Michael Eaton is a playwright and scriptwriter. He is best known for his television docudrama scripts, including Shipman, Why Lockerbie and Shoot to Kill and for writing the feature film Fellow Traveller (1989), which won best screenplay in the British Film Awards. In 2013 Charlie Peace: his amazing life and astounding legend premiered at Nottingham Playhouse. In 1999 he was awarded M.B.E for Services to Film. From 2006–2012 he was Visiting Professor in Creative Writing at Nottingham Trent University.
Nicola Monaghan’s debut novel The Killing Jar was published in 2006 to critical acclaim and went on to win the Betty Trask Award, The Author’s Club First Novel Award and the Waverton Good Read. She has since published Starfishing and The Okinawa Dragon. She also publishes under the name Niki Valentine. She is Course Leader for the BA Creative and Professional Writing at Nottingham University, and was Fellow of the National Academy of Writing from 2006 to 2009. Her short stories and articles have been published widely, and her work has appeared in Granta, the Independent, the Guardian, Marie Claire and the Telegraph.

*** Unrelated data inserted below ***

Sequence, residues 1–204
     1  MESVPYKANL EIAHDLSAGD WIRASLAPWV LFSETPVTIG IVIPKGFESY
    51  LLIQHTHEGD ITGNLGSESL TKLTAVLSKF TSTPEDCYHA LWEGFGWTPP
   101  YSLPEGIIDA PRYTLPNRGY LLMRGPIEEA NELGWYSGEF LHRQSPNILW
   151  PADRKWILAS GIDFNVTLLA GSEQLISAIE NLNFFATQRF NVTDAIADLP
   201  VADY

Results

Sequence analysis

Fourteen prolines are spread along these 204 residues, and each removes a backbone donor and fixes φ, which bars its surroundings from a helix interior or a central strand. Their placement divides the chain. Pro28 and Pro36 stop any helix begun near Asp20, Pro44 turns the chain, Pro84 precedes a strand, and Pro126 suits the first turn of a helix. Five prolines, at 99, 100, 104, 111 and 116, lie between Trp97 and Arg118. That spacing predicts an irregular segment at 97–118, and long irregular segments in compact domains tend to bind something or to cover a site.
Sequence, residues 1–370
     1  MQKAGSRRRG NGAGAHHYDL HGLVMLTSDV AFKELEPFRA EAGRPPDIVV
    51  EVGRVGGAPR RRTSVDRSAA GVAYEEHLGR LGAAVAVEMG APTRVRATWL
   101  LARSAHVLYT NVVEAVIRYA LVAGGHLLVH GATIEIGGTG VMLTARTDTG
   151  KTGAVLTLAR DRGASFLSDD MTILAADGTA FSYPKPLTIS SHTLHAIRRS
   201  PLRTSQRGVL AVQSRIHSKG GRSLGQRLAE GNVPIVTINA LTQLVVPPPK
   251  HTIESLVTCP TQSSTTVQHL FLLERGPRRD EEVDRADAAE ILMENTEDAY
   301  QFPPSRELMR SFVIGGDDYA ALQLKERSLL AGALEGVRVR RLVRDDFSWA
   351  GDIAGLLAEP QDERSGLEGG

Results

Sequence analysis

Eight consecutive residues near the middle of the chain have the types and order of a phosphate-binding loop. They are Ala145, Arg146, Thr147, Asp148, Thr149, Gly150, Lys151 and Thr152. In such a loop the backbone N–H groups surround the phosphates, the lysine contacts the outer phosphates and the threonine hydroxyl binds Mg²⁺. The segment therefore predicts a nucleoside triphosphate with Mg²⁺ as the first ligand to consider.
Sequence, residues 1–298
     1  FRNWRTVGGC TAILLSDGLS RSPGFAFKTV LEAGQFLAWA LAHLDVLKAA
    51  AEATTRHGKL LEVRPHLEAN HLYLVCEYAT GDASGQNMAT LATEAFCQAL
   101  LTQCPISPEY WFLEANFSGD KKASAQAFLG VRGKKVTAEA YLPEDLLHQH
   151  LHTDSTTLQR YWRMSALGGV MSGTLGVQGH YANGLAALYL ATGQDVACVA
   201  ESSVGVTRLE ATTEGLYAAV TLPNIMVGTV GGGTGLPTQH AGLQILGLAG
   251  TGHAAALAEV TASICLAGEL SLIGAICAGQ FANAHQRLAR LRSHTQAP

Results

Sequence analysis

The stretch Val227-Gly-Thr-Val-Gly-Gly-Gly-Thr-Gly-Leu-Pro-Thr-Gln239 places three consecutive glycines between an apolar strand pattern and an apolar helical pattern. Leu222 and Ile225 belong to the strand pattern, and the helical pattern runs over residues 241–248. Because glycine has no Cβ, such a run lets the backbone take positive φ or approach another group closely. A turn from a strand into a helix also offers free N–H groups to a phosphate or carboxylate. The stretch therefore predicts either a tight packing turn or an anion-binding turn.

The Howie Smith Project is a Social Enterprise supporting regeneration and the use of derelict spaces to create artistic opportunity for the benefit of the community, ‘creative spaces for creative people.’ Alongside academic research, several case studies to be documented in line with Robert Howie Smith’s studies have been set up in Nottingham, exploring potential and supporting possibilities.
The first NWS Journal, Crime, is available to read online at: http://issuu.com/nottinghamwritersstudio/docs/nws-journal-00-crime-dec2013